Playing with Fire: Match Rockets

Yes, as Steve Hoefer says in this video below, this activity will literally have you playing with fire. But with the right group and good supervision this can be a fun and educational activity. Or not. An activity like this is best with a small group that has built some trust and accountability.

To make this activity into a game, have players compete for distance and accuracy.

Necessary disclaimer: this activity should be conducted with adequate adult supervision in an open area away from combustible materials with adequate eye protection. Never fire a rocket toward another person or animal. Discuss this activity with parents ahead of time.

Time: 20 to 45 minutes
Number of Players: one to five per adult supervisor


Follow the instructions above for making matchstick rockets. Have each contestant make his or her own matchstick rocket.

1. Play for distance. For a smaller group have players use the same “launchpad.” For a larger group have contestants line up about four feet apart along a marked line. Make it clear that contestants do not move past the firing line until you give the signal.

2. Play for accuracy. Put a metal can a reasonable distance, about ten to fifteen feet from the launchpad. Have players take aim and fire. Award prizes to the closest contestants. Make sure nobody goes past the firing line until you give the all-clear.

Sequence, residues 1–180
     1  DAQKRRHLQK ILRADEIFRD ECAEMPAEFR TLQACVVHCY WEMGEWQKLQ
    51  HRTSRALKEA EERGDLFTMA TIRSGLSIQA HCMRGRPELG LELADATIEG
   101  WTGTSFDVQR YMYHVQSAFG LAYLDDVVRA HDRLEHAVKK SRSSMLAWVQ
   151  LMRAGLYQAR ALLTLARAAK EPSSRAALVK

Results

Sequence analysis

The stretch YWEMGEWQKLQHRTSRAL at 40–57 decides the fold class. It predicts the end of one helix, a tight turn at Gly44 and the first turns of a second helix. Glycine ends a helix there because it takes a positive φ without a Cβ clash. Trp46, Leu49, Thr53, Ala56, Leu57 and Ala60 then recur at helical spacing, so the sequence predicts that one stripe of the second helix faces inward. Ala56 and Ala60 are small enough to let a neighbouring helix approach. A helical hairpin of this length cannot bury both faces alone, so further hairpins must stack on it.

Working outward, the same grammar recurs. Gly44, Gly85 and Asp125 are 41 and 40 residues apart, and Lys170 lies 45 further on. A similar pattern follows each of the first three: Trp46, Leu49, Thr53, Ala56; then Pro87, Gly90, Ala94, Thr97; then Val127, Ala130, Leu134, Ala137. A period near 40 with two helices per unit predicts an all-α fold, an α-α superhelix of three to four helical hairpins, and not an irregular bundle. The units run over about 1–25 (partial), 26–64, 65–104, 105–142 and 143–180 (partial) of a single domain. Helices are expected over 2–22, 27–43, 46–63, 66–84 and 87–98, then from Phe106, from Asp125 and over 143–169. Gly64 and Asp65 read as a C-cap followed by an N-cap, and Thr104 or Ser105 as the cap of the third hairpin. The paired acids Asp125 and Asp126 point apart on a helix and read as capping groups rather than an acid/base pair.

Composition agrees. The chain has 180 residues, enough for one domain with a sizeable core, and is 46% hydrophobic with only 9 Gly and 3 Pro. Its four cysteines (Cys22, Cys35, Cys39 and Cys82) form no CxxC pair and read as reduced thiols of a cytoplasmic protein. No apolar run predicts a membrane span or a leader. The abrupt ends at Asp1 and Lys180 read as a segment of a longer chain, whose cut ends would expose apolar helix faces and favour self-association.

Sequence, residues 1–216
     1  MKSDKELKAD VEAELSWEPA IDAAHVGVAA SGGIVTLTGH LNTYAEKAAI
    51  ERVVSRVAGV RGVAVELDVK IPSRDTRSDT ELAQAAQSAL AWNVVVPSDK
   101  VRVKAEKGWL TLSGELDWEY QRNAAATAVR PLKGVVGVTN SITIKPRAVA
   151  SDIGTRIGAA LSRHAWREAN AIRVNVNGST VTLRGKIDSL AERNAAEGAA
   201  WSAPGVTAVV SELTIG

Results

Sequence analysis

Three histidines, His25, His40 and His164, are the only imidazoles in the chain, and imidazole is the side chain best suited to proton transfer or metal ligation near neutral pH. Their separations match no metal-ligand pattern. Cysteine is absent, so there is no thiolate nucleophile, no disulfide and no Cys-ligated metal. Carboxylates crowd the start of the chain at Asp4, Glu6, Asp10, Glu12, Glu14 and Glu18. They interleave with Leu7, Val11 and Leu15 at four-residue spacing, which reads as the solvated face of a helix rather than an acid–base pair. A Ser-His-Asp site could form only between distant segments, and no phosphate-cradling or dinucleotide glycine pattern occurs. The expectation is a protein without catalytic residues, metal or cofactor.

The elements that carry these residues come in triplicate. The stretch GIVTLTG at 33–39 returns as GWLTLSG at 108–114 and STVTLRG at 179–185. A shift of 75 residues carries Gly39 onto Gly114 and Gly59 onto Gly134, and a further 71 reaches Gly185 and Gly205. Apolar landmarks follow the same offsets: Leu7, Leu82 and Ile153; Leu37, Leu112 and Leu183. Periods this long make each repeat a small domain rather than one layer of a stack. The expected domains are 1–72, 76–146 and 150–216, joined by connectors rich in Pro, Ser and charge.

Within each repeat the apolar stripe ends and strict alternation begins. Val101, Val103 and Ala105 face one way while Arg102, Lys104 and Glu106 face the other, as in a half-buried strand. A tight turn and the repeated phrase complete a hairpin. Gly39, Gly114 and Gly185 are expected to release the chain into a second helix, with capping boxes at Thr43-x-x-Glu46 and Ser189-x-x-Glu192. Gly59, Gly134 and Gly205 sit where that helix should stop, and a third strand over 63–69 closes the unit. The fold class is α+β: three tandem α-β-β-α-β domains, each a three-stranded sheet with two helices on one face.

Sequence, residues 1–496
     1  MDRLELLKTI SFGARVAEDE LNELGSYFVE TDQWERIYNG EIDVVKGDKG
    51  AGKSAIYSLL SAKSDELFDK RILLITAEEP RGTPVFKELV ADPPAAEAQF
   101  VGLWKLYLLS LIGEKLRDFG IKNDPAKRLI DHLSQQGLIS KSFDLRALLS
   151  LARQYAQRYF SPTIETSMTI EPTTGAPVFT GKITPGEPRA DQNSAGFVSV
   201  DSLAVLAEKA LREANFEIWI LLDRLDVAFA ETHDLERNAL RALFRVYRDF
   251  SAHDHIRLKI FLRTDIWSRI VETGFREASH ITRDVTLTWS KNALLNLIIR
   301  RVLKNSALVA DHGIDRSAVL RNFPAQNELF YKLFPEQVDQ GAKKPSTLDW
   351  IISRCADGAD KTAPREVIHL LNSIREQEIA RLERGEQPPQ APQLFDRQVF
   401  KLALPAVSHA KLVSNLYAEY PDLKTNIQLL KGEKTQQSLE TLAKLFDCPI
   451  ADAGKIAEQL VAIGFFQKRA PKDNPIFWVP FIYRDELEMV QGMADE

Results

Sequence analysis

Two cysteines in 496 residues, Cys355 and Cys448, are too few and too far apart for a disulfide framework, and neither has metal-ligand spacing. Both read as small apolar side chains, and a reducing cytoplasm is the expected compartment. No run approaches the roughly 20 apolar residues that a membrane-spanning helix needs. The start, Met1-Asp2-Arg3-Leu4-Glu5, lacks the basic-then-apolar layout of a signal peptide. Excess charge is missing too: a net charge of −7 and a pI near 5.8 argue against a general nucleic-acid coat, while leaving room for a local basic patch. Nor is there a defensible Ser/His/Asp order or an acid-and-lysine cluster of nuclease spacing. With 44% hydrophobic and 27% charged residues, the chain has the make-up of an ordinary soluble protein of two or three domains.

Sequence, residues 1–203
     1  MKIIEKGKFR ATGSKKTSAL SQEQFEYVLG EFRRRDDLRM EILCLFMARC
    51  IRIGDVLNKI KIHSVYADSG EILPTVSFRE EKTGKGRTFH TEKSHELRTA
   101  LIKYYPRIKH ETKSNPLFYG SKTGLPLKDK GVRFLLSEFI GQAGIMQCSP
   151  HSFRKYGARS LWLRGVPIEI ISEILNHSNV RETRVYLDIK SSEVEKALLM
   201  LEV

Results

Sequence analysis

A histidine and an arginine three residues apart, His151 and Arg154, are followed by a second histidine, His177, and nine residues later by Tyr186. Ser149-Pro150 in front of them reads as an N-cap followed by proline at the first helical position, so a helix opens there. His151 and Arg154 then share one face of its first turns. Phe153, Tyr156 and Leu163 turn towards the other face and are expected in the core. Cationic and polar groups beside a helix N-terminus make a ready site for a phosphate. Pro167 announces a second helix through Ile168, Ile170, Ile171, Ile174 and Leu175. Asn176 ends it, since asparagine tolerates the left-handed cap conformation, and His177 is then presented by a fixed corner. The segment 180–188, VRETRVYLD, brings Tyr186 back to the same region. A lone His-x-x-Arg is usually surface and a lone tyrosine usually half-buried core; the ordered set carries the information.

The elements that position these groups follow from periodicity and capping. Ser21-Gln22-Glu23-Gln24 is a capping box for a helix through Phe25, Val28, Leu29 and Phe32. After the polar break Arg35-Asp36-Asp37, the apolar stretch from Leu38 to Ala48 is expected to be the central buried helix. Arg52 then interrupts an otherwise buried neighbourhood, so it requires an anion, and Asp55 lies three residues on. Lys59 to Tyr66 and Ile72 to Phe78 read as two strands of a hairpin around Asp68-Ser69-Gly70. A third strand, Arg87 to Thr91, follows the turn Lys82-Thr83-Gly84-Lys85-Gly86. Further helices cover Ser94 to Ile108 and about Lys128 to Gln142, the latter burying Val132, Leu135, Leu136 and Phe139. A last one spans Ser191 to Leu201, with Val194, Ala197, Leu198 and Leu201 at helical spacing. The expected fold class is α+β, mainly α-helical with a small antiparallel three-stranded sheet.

Set Up

An open outdoor area such as a grass field or parking lot with no combustible materials for about 40 feet in all directions from the launchpad.


  • Book matches
  • Straight pins
  • Large paperclips
  • Aluminum foil
  • Metal can
  • Safety glasses for all within 20 ft. of launchpad


Make this dangerous activity into a “teachable moment” by asking, is this activity safe or dangerous? Was it fun? Did you learn anything? What could have gone wrong? If you try this at home and set something on fire, who would be responsible? (the child would be, but also the child’s parents).

At this point you could transition to a quick study of Philemon. Philemon was a runaway slave who stole from his master and then appealed to Paul in Rome. Paul sent Philemon back to his master to ask for forgiveness. Any damages that Philemon caused where to be charged to Paul’s account. Here you can talk about how Jesus paid the penalty for our sins but we are still responsible for our actions.

Happy rocketeering!

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